DEAR ABBY: My 22-year-old daughter and her two young children live with me. She doesn't work, which is fine. I don't mind supporting her because I'd rather have the kids see their mom.
I spent most of my life as a single mom, working long hours and not seeing my kids. My work has finally paid off, and I'm at a point where, while not rich, I can support my daughter and grandbabies.
The problem is the baby daddy. He has a history of drug abuse, theft and jail time. He works only part-time jobs, which he loses monthly. He gives my daughter nothing and treats her as if she owes him.
I don't want to support him, but he has moved in and won't leave my house. I have told him to go, that he's welcome to visit the kids, but he ignores me. It's like talking to a wall. He won't even acknowledge that I told him to leave. He acts like he's king of the castle when it's my home! I can't take it anymore. I pay all the bills.
I told my daughter, and she ignores me as well. My oldest son has offered to talk to them for me. I don't want to lose my grandbabies. They are my purpose in life. Please help. -- FURIOUS IN PENNSYLVANIA
DEAR FURIOUS: Part of your problem may be the degree to which you enable your daughter. You won't be around forever. She needs to learn to be independent so she can support herself and those children. Clearly, Baby Daddy isn't man enough to be of any assistance.
If he has lived with you for a while, you may need a lawyer to get him out. According to Los Angeles attorney Lee Dresie: "You can get rid of the freeloader by giving him a 30-day 'notice to leave' in writing. It should say, 'You have 30 days to leave my home. If you don't, I will bring an action to evict you.' If he still refuses to go, consult an attorney who specializes in eviction law."
This is Abby again: Be sure you have a witness present when the notice is given so Baby Daddy can't deny receiving it. Your son could be that witness, and yes, he should be asked to lead the discussion on how to resolve this situation.
It is also troubling that the daughter for whom you provide food and shelter is ignoring you. You're treated this way because you don't assert yourself. Please do it before Baby Daddy impregnates her again and you have four people to support.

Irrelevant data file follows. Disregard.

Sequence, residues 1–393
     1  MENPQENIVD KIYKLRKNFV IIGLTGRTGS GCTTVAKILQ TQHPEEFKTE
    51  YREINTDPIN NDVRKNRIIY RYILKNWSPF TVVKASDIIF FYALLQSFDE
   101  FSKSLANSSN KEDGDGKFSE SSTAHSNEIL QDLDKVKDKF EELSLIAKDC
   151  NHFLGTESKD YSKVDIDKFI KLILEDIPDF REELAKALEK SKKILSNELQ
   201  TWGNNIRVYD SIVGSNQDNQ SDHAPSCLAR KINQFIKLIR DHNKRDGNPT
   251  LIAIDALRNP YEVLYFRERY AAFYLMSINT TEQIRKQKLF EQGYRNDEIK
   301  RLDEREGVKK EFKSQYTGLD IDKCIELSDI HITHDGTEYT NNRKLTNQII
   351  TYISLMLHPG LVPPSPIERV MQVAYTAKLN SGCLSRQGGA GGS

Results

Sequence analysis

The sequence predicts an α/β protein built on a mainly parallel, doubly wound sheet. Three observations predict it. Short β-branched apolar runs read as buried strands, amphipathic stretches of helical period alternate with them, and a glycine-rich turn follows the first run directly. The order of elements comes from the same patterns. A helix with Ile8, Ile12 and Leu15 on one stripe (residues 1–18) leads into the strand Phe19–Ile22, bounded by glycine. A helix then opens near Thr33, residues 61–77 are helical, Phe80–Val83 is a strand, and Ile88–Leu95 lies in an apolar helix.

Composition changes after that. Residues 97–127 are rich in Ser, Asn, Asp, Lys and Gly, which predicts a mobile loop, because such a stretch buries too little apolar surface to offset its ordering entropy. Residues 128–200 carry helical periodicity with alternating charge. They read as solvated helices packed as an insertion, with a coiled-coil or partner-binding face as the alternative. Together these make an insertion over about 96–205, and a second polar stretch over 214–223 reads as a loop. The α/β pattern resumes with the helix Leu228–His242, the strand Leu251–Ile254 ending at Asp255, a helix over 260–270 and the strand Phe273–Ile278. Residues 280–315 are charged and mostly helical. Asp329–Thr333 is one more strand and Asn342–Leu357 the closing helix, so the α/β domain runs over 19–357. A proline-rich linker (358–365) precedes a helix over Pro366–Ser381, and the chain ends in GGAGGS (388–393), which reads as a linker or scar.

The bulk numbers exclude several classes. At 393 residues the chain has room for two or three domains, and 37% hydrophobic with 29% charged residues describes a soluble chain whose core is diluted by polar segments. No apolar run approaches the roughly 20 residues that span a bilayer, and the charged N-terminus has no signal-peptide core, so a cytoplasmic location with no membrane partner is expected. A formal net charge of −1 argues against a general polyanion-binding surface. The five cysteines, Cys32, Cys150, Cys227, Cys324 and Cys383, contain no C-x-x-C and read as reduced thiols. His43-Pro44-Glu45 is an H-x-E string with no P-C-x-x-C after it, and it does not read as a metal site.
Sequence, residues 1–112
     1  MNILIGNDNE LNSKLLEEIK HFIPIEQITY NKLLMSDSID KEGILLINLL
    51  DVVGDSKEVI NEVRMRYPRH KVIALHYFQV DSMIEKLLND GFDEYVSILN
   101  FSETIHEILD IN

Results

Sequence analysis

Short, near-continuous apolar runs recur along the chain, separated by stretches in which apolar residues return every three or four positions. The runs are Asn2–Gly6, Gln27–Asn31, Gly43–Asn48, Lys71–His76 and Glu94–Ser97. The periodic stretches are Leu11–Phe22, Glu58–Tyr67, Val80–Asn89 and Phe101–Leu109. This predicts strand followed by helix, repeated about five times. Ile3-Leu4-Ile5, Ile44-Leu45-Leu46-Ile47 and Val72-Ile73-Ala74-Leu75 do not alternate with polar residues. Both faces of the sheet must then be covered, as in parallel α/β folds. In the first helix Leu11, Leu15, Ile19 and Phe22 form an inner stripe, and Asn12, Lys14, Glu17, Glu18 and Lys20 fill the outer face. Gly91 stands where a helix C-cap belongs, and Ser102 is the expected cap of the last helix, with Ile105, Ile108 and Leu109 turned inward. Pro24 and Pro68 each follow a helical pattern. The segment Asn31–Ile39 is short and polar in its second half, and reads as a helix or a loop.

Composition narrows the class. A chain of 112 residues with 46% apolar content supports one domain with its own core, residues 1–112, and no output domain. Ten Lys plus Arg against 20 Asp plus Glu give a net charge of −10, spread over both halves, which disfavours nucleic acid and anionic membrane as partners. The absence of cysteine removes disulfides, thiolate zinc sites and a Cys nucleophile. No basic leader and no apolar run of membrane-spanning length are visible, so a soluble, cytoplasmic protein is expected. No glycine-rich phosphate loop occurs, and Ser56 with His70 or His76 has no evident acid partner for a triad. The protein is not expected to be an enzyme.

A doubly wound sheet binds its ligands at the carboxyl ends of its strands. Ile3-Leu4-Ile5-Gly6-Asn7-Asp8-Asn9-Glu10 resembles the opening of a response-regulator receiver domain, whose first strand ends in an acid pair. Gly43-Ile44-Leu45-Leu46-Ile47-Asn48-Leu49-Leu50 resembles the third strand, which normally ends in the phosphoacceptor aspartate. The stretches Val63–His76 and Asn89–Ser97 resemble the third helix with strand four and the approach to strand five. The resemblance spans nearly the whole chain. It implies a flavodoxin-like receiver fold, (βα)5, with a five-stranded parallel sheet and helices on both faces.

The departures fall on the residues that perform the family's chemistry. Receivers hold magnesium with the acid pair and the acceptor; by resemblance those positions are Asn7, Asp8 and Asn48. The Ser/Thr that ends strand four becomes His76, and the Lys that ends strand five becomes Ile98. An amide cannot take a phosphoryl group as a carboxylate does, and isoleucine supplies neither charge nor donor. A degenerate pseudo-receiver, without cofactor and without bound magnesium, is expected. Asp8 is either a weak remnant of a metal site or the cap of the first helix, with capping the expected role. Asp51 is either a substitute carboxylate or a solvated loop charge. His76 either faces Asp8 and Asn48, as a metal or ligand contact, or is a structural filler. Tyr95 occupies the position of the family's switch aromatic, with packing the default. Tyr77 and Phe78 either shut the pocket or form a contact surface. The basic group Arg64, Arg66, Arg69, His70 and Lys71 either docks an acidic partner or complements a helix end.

DEAR ABBY: I'm 27 and have an issue that has bothered me for most of my life. I have overly hot/sweaty hands and feet. When I was dating women, they wouldn't want to hold my hand, which bothered me a lot. Also, my friends sometimes make fun of me for it.
I am entering a profession that will require lots of handshaking with potential clients. This will be an issue for me because I don't want to make a bad impression. Do you have any suggestions? -- SWEATY IN NORTH DAKOTA
DEAR SWEATY: Yes! There is help for your problem, and the way to get it is to talk with a dermatologist. There is a product that can curb the excessive sweating (hyperhidrosis), but a doctor must prescribe it for you. Botox injections could also help, but they should be administered by a physician. There is also a machine used to treat this condition. The dermatologist can help you decide which solution would be the best for you.
Dear Abby is written by Abigail Van Buren, also known as Jeanne Phillips, and was founded by her mother, Pauline Phillips. Write Dear Abby at www.DearAbby.com or P.O. Box 69440, Los Angeles, CA 90069.
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